27th March – 9th April 2018
Preview: Wednesday 28th March 18:00 – 20:30
The Brick Lane Gallery – The Annexe, 93-95 Sclater Street, London
EVGENY ADD | JC TROUBOUL | KSENIA SIC | LOUISE ALLEN | TIZIANO AUTERA | ULKU YILMAZ | LIZ KORI | RHIANNA CATT
Evgeny Add is a graphic artist from central Siberia who works in the genre of hyperrealism. “I believe that in the 21st century, a modern artist should keep pace with the times and try to use modern techniques and approaches in creating his works. There is no difference between then hand-brush or stylus from the tablet. The main idea of my works is a complete rethinking of existing real forms, creatures, people and other things for creating new compositions, new meanings. Compositions from the simplest forms give birth to new more complex things and meanings. The absence of a context gives rise to a certain identity, gives a fresh look to the habitual way of life. The human body is interesting in itself. Attention to detail gives an unlimited field for creativity. The process of degeneration of something complicated by means of splitting it into simple fragments gives a very interesting effect in the compartment with graphical means of expressiveness. In fact, this is a new visual language with a huge variation in everything that happens in the plot”.
Jc Trouboul is a Spanish artist born in 1985. He showed an interest in art, particularly painting and drawing, from a young age. JC Trouboul studied architecture in Barcelona, and his love for art and design influenced much of his work. Artist JC Trouboul pays homage to ambassadors of British culture, power and compassion. Treated as royalty, JC Trouboul constructs through colour and texture the reflection of their resilient spirits. These two pieces were painted in unison, thought to work together or on their own.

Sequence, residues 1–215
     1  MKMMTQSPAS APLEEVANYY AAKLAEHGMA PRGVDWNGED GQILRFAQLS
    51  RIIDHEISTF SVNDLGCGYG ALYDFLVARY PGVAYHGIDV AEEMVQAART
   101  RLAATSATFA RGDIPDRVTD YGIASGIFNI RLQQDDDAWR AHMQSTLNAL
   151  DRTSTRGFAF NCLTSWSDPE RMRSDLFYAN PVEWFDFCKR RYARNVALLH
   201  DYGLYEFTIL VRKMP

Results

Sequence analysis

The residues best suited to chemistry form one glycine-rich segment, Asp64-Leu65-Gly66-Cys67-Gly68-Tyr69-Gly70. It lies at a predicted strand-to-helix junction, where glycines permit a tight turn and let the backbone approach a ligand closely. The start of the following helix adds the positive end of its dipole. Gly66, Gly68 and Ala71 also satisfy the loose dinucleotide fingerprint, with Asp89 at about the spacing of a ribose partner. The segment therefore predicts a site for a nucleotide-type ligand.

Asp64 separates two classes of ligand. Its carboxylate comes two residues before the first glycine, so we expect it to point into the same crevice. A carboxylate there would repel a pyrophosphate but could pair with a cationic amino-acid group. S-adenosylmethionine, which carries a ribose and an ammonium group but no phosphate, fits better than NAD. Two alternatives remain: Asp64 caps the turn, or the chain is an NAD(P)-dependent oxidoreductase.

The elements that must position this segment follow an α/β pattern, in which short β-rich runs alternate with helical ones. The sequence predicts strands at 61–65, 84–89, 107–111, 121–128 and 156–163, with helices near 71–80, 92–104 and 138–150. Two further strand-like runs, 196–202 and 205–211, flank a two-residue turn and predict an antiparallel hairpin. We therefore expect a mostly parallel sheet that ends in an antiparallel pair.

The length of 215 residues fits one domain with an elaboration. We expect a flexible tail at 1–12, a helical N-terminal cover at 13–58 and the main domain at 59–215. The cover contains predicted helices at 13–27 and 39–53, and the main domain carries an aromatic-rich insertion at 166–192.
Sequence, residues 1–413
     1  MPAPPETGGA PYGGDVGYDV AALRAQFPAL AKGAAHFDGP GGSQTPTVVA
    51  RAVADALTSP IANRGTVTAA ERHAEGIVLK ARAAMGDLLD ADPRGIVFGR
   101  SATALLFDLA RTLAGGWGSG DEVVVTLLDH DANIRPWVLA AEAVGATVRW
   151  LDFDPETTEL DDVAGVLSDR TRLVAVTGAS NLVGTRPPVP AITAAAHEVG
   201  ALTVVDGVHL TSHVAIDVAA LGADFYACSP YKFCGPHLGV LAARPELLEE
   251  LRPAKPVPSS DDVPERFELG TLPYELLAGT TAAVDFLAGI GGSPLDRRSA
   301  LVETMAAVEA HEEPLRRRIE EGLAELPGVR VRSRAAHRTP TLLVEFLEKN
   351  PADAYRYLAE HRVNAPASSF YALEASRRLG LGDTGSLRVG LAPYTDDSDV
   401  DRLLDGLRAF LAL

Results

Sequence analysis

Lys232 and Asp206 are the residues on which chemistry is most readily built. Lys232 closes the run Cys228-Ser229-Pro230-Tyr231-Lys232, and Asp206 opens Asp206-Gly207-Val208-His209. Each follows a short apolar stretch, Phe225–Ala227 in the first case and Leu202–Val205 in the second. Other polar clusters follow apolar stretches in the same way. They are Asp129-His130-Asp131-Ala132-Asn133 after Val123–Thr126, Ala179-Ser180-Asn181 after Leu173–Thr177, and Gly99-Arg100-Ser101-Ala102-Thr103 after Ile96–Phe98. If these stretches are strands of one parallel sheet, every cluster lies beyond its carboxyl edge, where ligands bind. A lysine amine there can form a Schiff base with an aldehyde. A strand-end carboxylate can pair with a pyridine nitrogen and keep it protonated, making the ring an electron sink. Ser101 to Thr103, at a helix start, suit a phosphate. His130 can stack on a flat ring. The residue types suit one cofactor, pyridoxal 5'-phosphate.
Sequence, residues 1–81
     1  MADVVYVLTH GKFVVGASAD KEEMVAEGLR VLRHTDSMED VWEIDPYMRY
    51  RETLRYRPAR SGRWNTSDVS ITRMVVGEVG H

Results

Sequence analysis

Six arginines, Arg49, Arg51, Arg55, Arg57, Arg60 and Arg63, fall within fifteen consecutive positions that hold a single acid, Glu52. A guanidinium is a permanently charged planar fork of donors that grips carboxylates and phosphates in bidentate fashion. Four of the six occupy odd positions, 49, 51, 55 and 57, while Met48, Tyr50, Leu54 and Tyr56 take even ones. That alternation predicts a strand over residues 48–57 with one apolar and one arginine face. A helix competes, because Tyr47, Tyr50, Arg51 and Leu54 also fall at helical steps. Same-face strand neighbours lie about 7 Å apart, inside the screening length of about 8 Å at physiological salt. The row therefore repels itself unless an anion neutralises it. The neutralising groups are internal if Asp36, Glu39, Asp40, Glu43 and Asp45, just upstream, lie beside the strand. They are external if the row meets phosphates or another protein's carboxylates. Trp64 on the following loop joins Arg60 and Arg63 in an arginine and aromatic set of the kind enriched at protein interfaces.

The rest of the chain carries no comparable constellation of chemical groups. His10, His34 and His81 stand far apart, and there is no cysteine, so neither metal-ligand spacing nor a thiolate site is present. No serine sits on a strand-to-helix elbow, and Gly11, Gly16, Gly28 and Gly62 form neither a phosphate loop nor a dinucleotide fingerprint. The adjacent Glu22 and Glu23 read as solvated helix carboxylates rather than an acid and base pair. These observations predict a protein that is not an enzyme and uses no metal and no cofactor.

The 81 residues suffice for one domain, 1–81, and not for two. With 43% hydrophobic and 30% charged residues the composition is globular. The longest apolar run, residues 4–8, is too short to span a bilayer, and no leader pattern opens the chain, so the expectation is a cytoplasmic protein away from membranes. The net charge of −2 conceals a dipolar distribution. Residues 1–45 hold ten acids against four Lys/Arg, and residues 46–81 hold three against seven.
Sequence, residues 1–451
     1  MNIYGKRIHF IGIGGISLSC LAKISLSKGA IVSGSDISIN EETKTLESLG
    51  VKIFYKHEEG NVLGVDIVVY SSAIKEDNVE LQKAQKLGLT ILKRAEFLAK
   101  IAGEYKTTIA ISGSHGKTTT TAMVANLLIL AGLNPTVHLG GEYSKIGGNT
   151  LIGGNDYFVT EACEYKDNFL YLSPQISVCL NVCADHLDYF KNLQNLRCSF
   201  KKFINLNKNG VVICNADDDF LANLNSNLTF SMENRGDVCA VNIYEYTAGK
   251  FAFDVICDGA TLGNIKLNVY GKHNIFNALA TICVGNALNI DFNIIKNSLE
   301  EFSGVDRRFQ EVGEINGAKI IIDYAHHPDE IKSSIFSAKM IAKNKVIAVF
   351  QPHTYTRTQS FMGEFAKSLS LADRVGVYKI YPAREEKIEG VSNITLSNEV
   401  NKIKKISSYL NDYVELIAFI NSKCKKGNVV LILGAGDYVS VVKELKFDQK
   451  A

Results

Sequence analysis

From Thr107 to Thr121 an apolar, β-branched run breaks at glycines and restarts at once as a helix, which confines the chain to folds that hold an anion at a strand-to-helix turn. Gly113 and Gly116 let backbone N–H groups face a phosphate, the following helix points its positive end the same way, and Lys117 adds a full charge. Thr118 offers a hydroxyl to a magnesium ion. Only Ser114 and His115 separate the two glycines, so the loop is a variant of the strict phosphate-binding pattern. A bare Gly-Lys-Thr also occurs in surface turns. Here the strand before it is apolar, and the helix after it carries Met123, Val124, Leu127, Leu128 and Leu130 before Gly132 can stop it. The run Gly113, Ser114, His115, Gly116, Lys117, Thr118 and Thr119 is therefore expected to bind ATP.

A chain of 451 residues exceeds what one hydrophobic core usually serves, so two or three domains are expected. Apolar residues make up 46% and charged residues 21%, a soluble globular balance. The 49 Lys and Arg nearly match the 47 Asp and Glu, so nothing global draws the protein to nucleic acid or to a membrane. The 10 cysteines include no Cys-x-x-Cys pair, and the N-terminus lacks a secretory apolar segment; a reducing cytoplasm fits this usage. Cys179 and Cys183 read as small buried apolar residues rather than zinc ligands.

Ksenia Sic is a Serbian born artist living and working in France. Ksenia has exhibited extensively in Europe since 2014 and has also completed Artist residences across Europe including in Switzerland, Iceland, Belgium and Finland. Her work incorporates acrylic and gold leaf on canvas, producing portraits that are visually striking. “In her art, Ksenia Sic is displacing herself as an observer. She does not paint portraits of certain specific individuals. Her paintings are neither representations or selfies. Each of her paintings is actually a portrait of the state of modern man and society as a whole, a society in which the illusion of the uniqueness of the Icon is unachievable on the horizon of the ocean of commonness” – Milan Poznanovic, Art historian.
Louise Allen began her life as an artist as a child. She studied faces wondering who she looked like. She painted and drew people, then after leaving Art School she embarked on a creative life. For years other opportunities and work took her away from portraits. After leaving her role as a Lecturer in Art she began to paint people again, finding her life experiences gave her a sense of ease as she gently observes the sitter’s character and works to create paintings that represent their whole self.